Where an authority proposes to carry out works that would infringe an existing enforceable restrictive covenant on land that it has already acquired or appropriated, it has various powers available enabling works to proceed, depending on the circumstances (see paragraphs 6.7 to 6.9 below).

6.7 Statutory basis

The authority has powers to over ride a restriction provided the works are done in accordance with planning permission on land held for planning purposes (section 237 Town and Country Planning Act 1990). Compensation is payable and should be assessed in the same way as for injurious affection under sections 7 or 10 CPA 1965.

Under section 610 Housing Act 1985 the local housing authority or a person interested in any premises may apply to the county court where

(a) owing to changes in the character of the neighbourhood in which the premises are situated, they cannot readily be let as a single dwelling-house but could readily be let for occupation if converted into two or more dwelling-houses, or

(b) planning permission has been granted for the use of the premises as converted into two or more separate dwelling-houses instead of as a single dwelling-house

and the conversion is prohibited or restricted by the provisions of the lease of the premises or by a restrictive covenant affecting the premises, or otherwise.

The court may, after giving any person interested an opportunity of being heard, vary the terms of the lease or other instrument imposing the prohibition or restriction, subject to such conditions and upon such terms as the court may think just.

6.8 By agreement

Where no statutory powers are available the authority may seek to have the restriction modified or removed by agreement.

Upon request to negotiate terms for the waiver of a restriction by agreement the valuer should endeavour to reach a settlement on terms which can be recommended as reasonable in the circumstances, but the final decision lies with the authority who should be consulted before any provisional settlement is made.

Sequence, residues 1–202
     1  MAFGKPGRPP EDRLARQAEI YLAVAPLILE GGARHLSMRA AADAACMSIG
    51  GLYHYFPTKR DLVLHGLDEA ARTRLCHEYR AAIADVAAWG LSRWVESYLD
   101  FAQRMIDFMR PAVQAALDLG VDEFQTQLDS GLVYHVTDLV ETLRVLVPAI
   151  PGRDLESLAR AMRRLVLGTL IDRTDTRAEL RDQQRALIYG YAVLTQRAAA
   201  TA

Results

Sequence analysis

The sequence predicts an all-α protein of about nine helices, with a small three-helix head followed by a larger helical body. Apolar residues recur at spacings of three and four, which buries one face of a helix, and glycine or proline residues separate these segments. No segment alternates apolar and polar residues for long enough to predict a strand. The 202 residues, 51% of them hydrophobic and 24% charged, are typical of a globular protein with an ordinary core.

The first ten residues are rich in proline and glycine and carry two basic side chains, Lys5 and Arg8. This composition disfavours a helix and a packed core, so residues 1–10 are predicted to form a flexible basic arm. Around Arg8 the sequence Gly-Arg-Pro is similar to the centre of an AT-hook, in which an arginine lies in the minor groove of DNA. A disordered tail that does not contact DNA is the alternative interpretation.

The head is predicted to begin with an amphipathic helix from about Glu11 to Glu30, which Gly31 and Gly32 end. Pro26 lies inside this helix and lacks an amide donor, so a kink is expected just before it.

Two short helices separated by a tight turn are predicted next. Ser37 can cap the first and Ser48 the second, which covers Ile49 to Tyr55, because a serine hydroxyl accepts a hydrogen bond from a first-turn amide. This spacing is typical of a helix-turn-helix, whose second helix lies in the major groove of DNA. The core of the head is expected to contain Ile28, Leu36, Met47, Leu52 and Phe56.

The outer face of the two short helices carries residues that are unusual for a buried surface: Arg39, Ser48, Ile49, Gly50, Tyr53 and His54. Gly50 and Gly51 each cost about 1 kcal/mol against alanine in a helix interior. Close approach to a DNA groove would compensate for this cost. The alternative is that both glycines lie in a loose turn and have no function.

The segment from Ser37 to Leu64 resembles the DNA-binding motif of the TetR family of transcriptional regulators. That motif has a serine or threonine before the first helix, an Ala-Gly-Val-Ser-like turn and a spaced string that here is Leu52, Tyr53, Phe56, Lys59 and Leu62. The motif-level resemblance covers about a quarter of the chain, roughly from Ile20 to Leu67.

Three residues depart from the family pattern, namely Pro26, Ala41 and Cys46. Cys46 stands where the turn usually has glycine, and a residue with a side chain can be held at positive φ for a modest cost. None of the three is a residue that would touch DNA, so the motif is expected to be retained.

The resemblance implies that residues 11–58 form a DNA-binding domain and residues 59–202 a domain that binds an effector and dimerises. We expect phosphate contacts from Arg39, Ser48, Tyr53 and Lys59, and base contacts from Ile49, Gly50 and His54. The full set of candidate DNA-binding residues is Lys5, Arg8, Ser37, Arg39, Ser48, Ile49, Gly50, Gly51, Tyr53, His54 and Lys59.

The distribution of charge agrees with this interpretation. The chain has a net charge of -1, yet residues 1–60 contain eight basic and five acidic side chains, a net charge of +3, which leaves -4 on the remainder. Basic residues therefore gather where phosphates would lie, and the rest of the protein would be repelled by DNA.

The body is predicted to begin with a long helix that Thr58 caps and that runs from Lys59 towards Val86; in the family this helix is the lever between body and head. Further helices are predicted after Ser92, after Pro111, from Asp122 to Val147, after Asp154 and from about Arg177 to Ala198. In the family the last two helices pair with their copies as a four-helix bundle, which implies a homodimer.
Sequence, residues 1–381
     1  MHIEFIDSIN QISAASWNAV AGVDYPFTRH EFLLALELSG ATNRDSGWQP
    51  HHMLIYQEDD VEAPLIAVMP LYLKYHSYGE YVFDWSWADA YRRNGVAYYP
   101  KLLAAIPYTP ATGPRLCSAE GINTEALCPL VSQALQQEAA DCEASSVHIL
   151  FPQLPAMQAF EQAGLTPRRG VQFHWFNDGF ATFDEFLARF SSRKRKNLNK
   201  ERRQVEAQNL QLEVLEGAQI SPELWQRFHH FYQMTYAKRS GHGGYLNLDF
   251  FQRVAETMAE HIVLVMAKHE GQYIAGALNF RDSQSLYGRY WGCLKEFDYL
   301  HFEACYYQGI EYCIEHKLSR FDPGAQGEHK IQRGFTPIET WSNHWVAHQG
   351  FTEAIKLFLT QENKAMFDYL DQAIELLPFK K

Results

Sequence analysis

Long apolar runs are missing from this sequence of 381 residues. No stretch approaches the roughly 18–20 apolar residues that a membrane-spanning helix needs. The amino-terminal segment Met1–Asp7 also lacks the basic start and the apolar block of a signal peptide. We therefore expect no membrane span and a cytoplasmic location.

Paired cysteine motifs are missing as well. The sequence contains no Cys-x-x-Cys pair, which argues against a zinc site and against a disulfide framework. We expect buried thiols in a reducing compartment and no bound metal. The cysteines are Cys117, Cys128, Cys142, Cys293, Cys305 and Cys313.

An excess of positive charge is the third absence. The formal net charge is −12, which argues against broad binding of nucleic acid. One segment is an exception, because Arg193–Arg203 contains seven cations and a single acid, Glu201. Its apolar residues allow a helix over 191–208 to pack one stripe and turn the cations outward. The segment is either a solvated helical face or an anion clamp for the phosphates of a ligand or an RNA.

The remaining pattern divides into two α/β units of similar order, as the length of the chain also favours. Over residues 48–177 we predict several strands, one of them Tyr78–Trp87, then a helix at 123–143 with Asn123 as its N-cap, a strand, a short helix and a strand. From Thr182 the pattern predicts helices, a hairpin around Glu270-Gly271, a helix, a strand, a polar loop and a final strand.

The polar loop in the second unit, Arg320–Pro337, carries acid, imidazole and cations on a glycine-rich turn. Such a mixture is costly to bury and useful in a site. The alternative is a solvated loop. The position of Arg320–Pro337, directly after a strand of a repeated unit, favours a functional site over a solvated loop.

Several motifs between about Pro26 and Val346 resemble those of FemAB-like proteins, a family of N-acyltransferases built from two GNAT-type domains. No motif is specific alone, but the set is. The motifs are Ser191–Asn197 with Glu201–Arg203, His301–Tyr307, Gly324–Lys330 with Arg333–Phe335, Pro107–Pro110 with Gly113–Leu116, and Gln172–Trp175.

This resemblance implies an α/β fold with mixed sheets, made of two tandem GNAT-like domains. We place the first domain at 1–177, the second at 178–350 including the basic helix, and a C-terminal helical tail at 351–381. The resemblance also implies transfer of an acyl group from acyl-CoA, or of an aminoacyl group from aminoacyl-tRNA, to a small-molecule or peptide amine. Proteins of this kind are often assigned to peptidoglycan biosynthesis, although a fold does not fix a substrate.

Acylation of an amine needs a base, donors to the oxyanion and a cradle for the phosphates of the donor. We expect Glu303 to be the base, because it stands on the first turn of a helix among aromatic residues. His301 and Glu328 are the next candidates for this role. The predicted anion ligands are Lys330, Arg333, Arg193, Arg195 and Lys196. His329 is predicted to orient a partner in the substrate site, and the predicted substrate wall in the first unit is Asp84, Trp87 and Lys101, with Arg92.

6.9 Section 84 Law of Property Act 1925

The authority may make an application under section 84 LPA 1925 (as amended) (see paragraph 6.10).

6.10 Scope of relief

Section 84 Law of Property Act 1925 (LPA 1925) as amended by section 28 LPA 1969 enables the Upper Tribunal (Lands Chamber) to discharge or modify restrictive covenants with or without the payment of compensation. Section 84 as amended is set out in full in Schedule 3 LPA 1969.

Before discharging or modifying a restrictive covenant the Upper Tribunal has to be satisfied that:

(a) by reason of changes in the character of the property or the neighbourhood or other circumstances deemed material the restrictions ought to be deemed obsolete; or

(b) (i) the continued existence of the restriction would impede some reasonable user of the land for public or private purposes; and

(ii) the restrictive covenant either does not secure any valuable practical benefit to persons entitled to the benefit thereof or is contrary to the public interest; and

(iii) money will be an adequate compensation for the loss or disadvantage (if any) suffered by persons entitled to the benefit of the restriction and discharge or modification is granted; or

(c) the persons entitled to the benefit have agreed expressly or by implication to the discharge or modification, or

(d) the proposed discharge or modification will not injure the persons entitled to the benefit of the restriction.

The Upper Tribunal may award to the person entitled to the benefit of the restriction an amount under either but not both of the following heads to make up for

(i) any loss or disadvantage suffered in consequence of the discharge or modification, or

(ii) any effect which the restriction had, at the time when it was imposed, in reducing the consideration then received for the land affected by it.

6.11 Valuation factors

In valuing land subject to restrictive covenants, for the purpose of acquisition by agreement or disposal for development, the valuer should have regard to the following factors:

(a) the prospect of a successful application under section 84 LPA 1925 with the removal of the restriction being granted with an award of compensation (if any);

(b) the prospect that, on payment of a single premium, an insurance policy may be effected to indemnify the purchaser against claims for compensation or damages arising from breach of enforceable covenants.

6.12 Reservation of minerals

Where on a purchase of land by agreement by a Government Department a vendor is unwilling to convey minerals and reservation is acceptable to the Department concerned, the valuer should seek the vendor’s agreement to the reservation’s being based on the terms of the Mining Code (section 3 and Schedule 2 Acquisition of Land Act 1981).

6.13 Land purchased by agreement before 1 April 1974

An authority which holds an interest in land purchased by agreement before 1 April 1974 for a purpose for which that authority has powers to purchase land compulsorily, whether or not the land was purchased by that authority or another body, and

(a) if the interest were purchased by another body, after purchase it was transferred by an Act or an order under an Act, and

(b) although the provisions of the Lands Clauses Acts or CPA 1965 applied to the purchase, section 68 Lands Clauses Consolidation Act 1845 or section 10 CPA 1965 were not included